Evolving treatment

Even using the less-invasive approach, Thomas' procedure in January 2017 was more involved than Conrad's in February 2019. Thomas required two incisions to remove the malformed pieces of bone. During Conrad's procedure, Dr. Ahn only made one incision. That difference in the surgical technique had a significant impact on the boys' recoveries.

"It was really scary, especially when Thomas woke up from surgery," Carissa explains. "He was crying and swollen, and it was really hard." With their second son, the process was less jarring. "After Conrad's surgery, he was calm. The nurses were holding him and soothing him in their arms, which was sweet," Carissa says. "He wasn't nearly as swollen as Thomas. He wasn't crying or upset when he woke up. He just had a completely different healing process."

Not only was Conrad's healing process easier than his brother's, but the time Conrad must wear his helmet is shorter. "Dr. Ahn's done research that shows that babies don't need to wear helmets for an entire year," Carissa says. "Once a child gets to a certain measurement of the width of their head, there's no real reason they have to wear a helmet after that because it's not going to get that much wider to make it worth wearing for any longer."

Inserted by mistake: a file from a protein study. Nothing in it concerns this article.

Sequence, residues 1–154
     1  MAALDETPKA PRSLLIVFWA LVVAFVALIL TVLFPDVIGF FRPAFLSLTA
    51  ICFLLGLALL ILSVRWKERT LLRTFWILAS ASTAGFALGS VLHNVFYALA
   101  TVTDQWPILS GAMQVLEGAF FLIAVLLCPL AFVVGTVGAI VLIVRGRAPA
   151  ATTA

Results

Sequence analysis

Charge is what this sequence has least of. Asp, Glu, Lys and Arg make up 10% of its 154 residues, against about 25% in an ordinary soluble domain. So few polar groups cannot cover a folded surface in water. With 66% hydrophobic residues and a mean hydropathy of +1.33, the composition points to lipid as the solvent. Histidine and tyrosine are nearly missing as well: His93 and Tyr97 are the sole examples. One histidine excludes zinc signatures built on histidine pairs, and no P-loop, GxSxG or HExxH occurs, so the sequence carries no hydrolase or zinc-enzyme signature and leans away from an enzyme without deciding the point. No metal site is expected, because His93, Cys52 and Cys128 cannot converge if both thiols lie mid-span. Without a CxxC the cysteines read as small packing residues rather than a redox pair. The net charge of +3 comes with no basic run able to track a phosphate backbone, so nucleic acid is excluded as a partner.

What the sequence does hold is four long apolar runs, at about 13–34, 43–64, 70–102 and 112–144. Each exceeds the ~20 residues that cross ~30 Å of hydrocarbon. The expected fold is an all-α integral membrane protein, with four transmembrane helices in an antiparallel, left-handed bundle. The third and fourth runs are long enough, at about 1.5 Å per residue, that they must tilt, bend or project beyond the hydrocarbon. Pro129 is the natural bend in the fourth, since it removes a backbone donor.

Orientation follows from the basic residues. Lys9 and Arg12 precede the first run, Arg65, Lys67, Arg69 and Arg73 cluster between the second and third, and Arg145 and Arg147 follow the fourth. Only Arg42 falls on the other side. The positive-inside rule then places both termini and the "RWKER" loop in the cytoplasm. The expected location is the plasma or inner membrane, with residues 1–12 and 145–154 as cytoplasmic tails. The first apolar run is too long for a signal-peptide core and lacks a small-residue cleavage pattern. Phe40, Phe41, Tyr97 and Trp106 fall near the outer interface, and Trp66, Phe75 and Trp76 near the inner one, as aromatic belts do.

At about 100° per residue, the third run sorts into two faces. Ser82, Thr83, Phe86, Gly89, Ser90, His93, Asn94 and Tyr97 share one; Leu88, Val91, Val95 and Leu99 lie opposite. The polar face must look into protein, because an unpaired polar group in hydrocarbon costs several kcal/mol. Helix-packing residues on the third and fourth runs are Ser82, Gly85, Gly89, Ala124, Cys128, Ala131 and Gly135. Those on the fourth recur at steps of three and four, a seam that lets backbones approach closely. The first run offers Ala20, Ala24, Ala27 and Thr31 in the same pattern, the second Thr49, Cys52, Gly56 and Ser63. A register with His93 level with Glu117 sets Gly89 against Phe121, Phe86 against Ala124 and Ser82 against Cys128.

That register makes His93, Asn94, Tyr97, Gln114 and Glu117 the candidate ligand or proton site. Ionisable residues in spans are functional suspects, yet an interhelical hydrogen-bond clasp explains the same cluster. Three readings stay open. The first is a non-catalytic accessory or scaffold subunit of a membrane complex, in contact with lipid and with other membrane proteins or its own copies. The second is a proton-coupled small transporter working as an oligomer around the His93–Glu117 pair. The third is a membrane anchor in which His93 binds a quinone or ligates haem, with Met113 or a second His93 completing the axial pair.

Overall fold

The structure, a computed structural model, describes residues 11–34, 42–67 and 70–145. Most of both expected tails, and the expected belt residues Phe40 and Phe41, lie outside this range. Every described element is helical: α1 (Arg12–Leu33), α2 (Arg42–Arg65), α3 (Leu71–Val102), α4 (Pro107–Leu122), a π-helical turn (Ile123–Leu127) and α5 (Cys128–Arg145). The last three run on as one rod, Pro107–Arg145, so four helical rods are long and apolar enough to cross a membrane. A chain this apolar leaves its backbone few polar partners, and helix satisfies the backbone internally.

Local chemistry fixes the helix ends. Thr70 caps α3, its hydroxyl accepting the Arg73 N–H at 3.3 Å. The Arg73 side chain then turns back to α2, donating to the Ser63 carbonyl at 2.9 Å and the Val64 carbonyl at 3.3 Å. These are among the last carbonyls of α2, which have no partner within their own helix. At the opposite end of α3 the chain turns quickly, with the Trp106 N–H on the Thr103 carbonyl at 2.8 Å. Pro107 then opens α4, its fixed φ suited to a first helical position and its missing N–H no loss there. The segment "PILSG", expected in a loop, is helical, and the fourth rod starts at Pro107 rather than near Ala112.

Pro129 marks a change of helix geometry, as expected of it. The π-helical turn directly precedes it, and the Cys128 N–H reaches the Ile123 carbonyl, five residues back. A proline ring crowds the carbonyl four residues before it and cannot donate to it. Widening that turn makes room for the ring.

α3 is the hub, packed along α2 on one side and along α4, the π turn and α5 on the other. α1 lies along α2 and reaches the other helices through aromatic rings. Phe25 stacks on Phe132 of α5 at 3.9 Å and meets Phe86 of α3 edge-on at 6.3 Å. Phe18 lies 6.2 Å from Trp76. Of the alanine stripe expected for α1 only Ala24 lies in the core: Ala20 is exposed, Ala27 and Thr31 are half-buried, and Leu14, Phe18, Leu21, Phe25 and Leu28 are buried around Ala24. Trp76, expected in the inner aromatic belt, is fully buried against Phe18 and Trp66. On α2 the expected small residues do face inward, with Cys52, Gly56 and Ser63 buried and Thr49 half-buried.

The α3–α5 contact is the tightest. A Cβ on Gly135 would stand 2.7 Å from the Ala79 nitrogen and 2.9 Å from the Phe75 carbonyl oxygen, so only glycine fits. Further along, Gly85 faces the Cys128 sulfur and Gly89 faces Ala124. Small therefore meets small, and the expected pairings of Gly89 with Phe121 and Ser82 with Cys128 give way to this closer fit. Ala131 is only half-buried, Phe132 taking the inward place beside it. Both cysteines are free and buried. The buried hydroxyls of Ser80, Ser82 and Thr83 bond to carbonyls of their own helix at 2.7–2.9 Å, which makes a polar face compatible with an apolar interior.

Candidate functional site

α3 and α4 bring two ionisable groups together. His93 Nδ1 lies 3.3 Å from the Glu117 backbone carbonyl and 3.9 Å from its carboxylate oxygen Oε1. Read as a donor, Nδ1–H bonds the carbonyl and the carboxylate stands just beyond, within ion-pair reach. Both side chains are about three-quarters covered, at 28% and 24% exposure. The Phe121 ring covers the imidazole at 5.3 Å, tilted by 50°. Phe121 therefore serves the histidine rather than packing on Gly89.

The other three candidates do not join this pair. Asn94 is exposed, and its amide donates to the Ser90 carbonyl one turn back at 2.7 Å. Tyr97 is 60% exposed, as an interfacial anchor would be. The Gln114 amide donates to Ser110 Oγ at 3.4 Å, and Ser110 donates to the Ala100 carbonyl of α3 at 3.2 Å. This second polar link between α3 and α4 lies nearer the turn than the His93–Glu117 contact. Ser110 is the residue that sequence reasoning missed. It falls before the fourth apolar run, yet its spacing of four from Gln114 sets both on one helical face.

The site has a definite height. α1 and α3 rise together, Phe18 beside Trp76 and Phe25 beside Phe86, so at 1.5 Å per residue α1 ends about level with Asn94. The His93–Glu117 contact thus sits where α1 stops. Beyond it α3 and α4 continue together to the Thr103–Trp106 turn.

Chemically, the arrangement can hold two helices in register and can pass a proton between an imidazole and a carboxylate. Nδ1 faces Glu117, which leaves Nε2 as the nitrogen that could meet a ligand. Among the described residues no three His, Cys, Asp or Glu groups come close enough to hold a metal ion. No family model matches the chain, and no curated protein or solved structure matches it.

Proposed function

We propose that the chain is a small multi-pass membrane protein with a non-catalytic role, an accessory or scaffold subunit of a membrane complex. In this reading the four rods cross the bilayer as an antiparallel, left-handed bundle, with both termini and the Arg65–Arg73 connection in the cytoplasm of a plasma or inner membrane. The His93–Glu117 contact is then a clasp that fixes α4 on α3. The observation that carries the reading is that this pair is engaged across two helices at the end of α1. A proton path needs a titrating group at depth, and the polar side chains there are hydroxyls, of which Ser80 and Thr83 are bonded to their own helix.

"One of our first memories (at Mayo) — and our favorite memory — is the piano playing. It's become a tradition that every time we go to the clinic, we walk over to the balcony and see the piano player."

Carissa Doyle

The news that Conrad wouldn't be required to wear a helmet as long as his older brother, who cycled through five helmet sizes before completing his therapy, was a relief to his parents. "I had the hardest time (with Thomas' helmet) for a couple of reasons," Carissa says. "I breastfed, and it was definitely uncomfortable. Every time I fed him, I would have a big red mark on my arm where I supported his head."

Carissa also says the helmet also got in the way of smooching her sons. "With the helmet, you don't get to kiss the cheeks so much, so after a while I just started kissing the helmet," she says. "I figured he could still sense the affection even though he couldn't feel my lips. The helmet just kind of became part of him."

Carissa's anxieties about the helmet extended beyond its physical aspects, too. "I was concerned what people would think," she says. "I didn't want people to feel sorry for him or think that there was something wrong because developmentally he was fine and perfectly on track."